10. Morgan November 7, 2011 at 6:17 pm

    My favourite frugal medicine is the Kirkland brand muscle relaxants. That’s Costco’s brand, for those unfamiliar with the name.

    $3.99 for a bottle of 100. Right next to the Robax variety, which hits something like $24.99 for 40.

    And for some reason, the Robax ones have never worked on one of my tension headaches, but the Kirkland ones do. Maybe the added stress from the cost? 😉

  11. Rapunzel November 9, 2011 at 8:19 am

    fortunately (in my opinion) I live in a country where even OTC meds (excluding herbal stuff, nutritional supplements and very few meds) are sold only in pharmacies. Who is there for you if you buy meds at the supermarket?!
    In Germany, generic drugs are medicinally the same as the brand names, as well, so I always go for the cheapest 😉
    HOWEVER, I really want to stress what Pippa asks:
    Do I really need this?
    From a medical/ evidence-based standpoint, most of the OTC drugs for cold (I’m not talking about painkillers!) are useless (at best), if not harmful (e.g. some cough meds are – and this also applies to children!).
    They do not make the cough better, the mucus thinner, the duration of the cold shorter or the number of complications fewer. Most don’t even make you feel better (at least, not better than what could be achieved through bedrest/ tea/ chicken soup/ someone caring for you).
    So… I don’t buy any meds for the common cold that strikes so often during the autumn/ winter months! That’s the most frugal.

  12. UltimateSmartMoney November 10, 2011 at 6:48 pm

    Nicely done! I think you are right about generic brands. Despite this fact you just pointed about, I know people will still buy well known brands.

  13. mommalori November 12, 2011 at 10:12 am

    My daughter has a very expensive prescription that is not covered by our health plan so I took the generic comparison to the next level. I took the prescription to various pharmacys in our area and asked for direct quotes. The differences were amazing! I am now saving $492 annually on just this one prescription. So worth the few minutes it took to go and ask

  14. Ruth Cooke November 12, 2011 at 10:37 am

    I guess I’m wondering why this is such big news, but perhaps I’m just naturally more frugal than a lot of people. The routine described above (compare active ingredients/compare price per dose/buy the cheap stuff) is so ingrained in my now I don’t even think about it.

    And I agree with the poster above who does not keep her medicine cabinet fully stocked, but only buys what’s needed when it’s needed. Not only does it prevent wastage due to having the medication expire before it’s needed, it’s also a way to prevent accidental poisoning! The only thing I stock up are the meds I use daily/frequently, and even then no more than 1-3 months worth, depending on the meds.

  15. LaurieB November 12, 2011 at 10:38 am

    I use generics for all of my OTC drugs and all of my prescriptions (7) except for 1, Synthroid. Once a person starts taking a thyroid replacement drug, *either* a generic brand or Synthroid, that person should stay with whatever she started with. I tried to switch from Synthroid to a generic after having taken Synthroid for 20 yrs. but my body could not metabolize the generic and I became very ill. Your body cannot switch from one to the other in this one instance.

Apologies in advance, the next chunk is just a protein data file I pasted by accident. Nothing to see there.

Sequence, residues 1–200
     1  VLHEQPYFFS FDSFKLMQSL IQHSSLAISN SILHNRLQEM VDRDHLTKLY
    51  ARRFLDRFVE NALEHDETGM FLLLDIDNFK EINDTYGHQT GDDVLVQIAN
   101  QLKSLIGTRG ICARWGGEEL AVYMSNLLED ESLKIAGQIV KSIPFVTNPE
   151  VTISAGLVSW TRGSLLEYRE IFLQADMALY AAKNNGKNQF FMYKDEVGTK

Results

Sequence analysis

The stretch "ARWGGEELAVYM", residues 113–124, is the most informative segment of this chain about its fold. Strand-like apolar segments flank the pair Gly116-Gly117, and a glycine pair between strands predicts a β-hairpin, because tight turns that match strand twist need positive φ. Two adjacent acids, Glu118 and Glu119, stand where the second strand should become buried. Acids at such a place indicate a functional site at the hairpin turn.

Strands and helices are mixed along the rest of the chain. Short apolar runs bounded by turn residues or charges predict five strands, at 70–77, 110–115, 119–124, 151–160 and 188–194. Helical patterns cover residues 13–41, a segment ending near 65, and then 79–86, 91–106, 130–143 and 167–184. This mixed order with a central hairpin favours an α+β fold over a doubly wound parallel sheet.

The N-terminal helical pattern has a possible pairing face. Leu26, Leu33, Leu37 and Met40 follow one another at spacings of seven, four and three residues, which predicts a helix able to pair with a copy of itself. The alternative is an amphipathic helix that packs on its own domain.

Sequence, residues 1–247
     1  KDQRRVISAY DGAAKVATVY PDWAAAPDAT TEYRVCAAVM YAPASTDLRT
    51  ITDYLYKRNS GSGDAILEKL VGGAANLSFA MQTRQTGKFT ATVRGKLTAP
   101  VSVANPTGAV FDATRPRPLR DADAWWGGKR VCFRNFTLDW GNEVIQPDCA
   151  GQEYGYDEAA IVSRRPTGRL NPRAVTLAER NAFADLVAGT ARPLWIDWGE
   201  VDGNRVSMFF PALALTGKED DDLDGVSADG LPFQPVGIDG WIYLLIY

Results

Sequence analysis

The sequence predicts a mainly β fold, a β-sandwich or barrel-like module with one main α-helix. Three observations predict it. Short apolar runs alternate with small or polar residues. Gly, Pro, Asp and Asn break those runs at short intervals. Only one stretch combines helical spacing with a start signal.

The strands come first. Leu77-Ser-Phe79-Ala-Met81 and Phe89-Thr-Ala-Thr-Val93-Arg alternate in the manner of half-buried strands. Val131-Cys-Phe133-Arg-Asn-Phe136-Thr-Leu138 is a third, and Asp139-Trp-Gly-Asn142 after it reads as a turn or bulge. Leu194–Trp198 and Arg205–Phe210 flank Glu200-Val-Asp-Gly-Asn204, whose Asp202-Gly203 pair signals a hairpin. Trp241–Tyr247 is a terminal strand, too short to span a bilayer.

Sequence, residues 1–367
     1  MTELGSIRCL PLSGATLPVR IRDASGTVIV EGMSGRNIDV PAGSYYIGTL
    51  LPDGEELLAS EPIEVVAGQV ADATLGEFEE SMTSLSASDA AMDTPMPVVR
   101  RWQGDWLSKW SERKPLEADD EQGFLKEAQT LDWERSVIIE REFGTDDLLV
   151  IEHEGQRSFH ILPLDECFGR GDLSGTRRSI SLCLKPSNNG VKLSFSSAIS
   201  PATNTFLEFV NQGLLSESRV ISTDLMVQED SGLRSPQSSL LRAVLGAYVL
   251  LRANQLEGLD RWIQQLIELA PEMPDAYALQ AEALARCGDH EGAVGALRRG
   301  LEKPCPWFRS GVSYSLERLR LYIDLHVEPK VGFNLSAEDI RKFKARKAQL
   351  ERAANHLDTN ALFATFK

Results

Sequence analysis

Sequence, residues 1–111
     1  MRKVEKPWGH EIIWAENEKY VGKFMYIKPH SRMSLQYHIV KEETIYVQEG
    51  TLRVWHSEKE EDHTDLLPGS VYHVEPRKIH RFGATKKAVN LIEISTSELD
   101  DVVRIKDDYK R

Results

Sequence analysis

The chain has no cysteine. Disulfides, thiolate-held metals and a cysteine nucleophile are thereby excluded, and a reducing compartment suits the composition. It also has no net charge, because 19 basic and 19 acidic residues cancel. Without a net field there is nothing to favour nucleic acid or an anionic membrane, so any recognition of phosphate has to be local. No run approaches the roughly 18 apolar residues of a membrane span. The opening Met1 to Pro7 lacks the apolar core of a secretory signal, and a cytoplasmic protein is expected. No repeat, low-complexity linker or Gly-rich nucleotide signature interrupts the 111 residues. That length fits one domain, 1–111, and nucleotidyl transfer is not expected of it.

All my other generics, for diabetes, heart disease, high blood pressure and allergies work just as well and save me tons of $. The same with all my OTC generics. If you have any doubts, ask your pharmacist. They’re founts of terrific info and usually love to help you.

  16. Catherine November 12, 2011 at 2:09 pm

    One caveat about buying larger sizes on drugs – be aware of how often you are likely to use the drug between purchase date and expiry date. Sometimes you are better off buying smaller quantities than throwing out unused medicine or using it after its expiry date and risking nasty side effects.

  17. "STU" November 12, 2011 at 5:36 pm

    i find generic otc or prescription meds are much cheaper and just as good. If you’re near a U.S. walmart the generics are even cheaper. $4 gets you 300 81mg aspirin compared to Rexall’s recent sale(?) of 120 81mg brand name aspirin for a really low $12.99.
    The Superstore here usually has various OTC generics on sale every week.Early this summer I got 500 “Exact” 500mg gen aspirin there for less than 100 tylenol. With an expiry date of jun/13 it’s worth stocking up on. It’s always worth stopping in there for a look while on the way to frills/basics.Zellers also has good sales oocasionally This expiry date thing smacks of B.S. I really wonder especially since it’s the manufacturer telling you when to throw it out.(and unspoken but implied is “Now run out and buy some more!” Who hasn’t used something well past “the date” with no ill effects? Just sayin’

  18. Sylvia November 13, 2011 at 12:33 am

    Best bargain… Don’t buy any of these, except maybe for bandages. Keep away from any kind of medicine.

  19. LaurieB November 13, 2011 at 10:27 am

    @Stu, many drugs, both otc and prescription are just fine after their expiry date. Some will lose a bit or more effectiveness but some will kill you. Outdated tetracycline will destroy your kidneys, for instance, no kidding. It’s used for bacterial infections. The problem is knowing which one will be all right and which one won’t. With some drugs, it’s a Russian roulette.

  20. Sally November 13, 2011 at 1:22 pm